Sunday, October 19, 2014

“Too often we underestimate the power of a touch, a smile, a kind word, a listening ear, an honest compliment, or the smallest act of caring, all of which have the potential to turn a life around.” ― Leo Buscaglia

In thinking about this week's blog, I have spent several hours making notes and reading articles online about EMPATHY.  I believe that although some children are instinctively empathetic, empathy should be taught in schools, and I do not mean just elementary schools.  Being able to show empathy and to extend oneself to others and feel with them is not only a gift, but also a key to successful relationships, both personally and in business. If you have not read Howard Gardner's 1983 book Frames of Mind: The Theory of Multiple Intelligences, it is a terrific book which examines seven criteria which can make a behavior an intelligence, which is more than just measuring an IQ . Gardner specifically mentions Empathy under the Interpersonal relationship category, and he says that those with a high interpersonal intelligence are often successful as teachers, social workers, salesman, and counselors, just to name a few.

When I was teaching at North Allegheny for 35 years, our student body was involved in many worthy causes.  Although our district was quite affluent overall, some municipalities within the district were impoverished.  One of the favorite projects we did every year was called Santa's Stocking.  Each homeroom was given the name of 1 or 2 children- all ages, from babies to 15 years old- and homeroom representatives collected money and/or gifts.  To be on this gift list, families had to meet specific criteria as set forth by the North Hills Food Bank, and I remember that parents had to be out of work for at least two years.  Students were told at the beginning of this project that whatever gift(s) were bought by the classes, that would be all these children received from "Santa" that year, as the parents had no extra money for frivolities like Christmas presents.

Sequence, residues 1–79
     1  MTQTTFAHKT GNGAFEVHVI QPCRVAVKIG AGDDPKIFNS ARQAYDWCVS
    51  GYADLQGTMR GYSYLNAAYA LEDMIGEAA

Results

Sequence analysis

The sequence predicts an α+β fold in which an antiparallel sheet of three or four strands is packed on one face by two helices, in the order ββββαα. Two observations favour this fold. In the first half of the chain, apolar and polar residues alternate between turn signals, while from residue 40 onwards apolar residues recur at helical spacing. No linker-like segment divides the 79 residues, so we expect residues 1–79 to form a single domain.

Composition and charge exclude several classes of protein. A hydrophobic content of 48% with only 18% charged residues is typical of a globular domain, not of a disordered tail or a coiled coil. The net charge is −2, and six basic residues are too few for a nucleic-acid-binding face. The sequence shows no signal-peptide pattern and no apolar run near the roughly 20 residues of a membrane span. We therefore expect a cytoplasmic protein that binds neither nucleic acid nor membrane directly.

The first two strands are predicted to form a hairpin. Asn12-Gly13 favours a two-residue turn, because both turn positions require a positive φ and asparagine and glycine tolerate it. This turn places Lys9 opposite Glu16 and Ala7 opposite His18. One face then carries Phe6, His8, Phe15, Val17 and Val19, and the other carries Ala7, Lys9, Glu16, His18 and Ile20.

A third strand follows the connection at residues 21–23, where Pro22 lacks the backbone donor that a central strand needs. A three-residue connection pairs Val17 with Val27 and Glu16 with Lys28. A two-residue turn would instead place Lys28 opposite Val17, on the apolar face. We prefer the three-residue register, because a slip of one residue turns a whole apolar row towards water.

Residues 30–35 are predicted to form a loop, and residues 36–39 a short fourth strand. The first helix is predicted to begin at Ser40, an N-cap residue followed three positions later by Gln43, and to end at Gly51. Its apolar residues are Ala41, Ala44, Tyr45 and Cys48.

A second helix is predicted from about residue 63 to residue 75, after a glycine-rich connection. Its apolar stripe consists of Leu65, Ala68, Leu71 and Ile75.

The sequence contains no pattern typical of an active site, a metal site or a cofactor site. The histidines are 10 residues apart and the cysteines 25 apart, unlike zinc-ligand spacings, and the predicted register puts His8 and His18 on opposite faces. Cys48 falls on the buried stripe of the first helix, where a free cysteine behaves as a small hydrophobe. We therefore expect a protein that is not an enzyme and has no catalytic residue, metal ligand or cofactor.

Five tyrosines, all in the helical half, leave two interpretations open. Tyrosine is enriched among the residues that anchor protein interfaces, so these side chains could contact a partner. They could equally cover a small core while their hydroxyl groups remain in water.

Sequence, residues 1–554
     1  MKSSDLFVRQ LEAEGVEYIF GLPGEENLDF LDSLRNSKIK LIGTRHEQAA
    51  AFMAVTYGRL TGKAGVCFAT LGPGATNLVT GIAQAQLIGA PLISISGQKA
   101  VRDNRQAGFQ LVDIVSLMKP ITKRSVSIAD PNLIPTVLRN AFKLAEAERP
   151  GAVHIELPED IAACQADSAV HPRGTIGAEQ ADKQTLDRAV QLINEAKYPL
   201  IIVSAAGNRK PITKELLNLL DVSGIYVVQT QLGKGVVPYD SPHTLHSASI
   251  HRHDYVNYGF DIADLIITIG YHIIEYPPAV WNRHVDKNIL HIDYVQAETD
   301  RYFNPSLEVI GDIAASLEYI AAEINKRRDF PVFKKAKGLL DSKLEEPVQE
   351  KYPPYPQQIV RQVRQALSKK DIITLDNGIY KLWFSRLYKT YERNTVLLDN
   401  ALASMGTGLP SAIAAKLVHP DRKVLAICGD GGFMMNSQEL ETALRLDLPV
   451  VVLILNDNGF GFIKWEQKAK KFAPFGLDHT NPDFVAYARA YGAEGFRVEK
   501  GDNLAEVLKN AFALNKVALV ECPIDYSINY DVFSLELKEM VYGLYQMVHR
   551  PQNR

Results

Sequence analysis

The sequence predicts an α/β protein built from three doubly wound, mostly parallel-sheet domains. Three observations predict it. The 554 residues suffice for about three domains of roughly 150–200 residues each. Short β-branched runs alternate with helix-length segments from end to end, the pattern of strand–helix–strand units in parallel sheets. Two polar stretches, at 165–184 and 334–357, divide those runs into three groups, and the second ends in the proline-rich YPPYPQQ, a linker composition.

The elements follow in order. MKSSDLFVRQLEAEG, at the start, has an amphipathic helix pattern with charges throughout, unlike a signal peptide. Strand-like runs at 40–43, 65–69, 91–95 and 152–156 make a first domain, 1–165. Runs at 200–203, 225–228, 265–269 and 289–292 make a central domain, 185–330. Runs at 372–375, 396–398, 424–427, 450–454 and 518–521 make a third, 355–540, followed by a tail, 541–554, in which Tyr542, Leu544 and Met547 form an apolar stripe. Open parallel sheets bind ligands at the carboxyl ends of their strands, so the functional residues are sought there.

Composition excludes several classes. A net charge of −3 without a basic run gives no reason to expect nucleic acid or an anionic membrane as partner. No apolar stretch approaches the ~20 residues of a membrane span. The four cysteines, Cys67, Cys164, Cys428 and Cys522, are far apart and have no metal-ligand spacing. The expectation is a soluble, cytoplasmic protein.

Overheard chatter in the classes sounded like this:  "How could you NOT have Christmas presents?  That is so sad"  or  "I would cry if my mom and dad could not buy me new skis (or a car or a snowboard)." Perhaps  the greatest moment came when a favorite Social Studies teacher spoke to the entire school.  He told the student body that he did not remember what he received for Christmas last year, or a few years ago, but that there was one toy that he would always remember.  He was the son of a single mother, and there was no money for Christmas gifts at their house, because they did not even have enough money for food.  His name was given to a charity group, not unlike our Santa's Stocking, and he received a gift, the most important gift he had ever or would ever receive.  Just knowing someone cared enough to feel his pain - that he would have nothing for Christmas without their empathy and generosity, filled his heart with joy.  I think it takes a big man with big courage to share a personal story like this one, but this man is a teacher, and he knows he has a lesson worth teaching.  He still talks to all of the students every year, and the classroom discussions and the new feelings that the students shared because of his disclosure made, and continue to make, our school better.

If you are a teacher, perhaps you can ask your principal to partner with a group like the local food bank, for a canned food drive, Christmas gifts, or even a mitten tree. (I found out after all of the years of working with the food bank that gloves are the number one most requested item.) You could introduce the idea by having a student discussion or brainstorm some words to describe the emotions they think they would feel if they could not have Thanksgiving dinner, a winter coat and hat and gloves, or any holiday gifts.  Sometimes, just imagining such a scenario is impetus enough to help others.

There are so many great causes in our communities, and teaching our young people to show empathy for others is so important.  I always loved the day we wrapped the gifts for our "children" and then the entire class walked them down to the auditorium, which was filled with rows and rows of shiny new bicycles, giant stuffed animals, new winter coats and boots, and a most wanted toy for each child.  On the walk back to our now-empty classroom, students said things like "I hope she will like our presents" or "I wish I could see him when he sees the bike!"As the teacher, I always wrote a letter to the parents and asked them to send us a note about the gifts.  We usually received a thank you note, and sometimes a picture, and for many students, the warmth of that good feeling of helping someone and feeling their pain and joy was reignited.  I believe that although sometimes our classes gave simple gifts, there was nothing simple about the learning to feel empathy that happened.

We are coming up to a special time of year, which for some, will not be festive. 

Maybe you or your classes could make some magic happen for someone who is not expecting any, and they, too, can learn the lesson of empathy and the good feelings associated with giving.

As always, I welcome your comments or suggestions.  Best, Dede

Rittman Publishing, LLC

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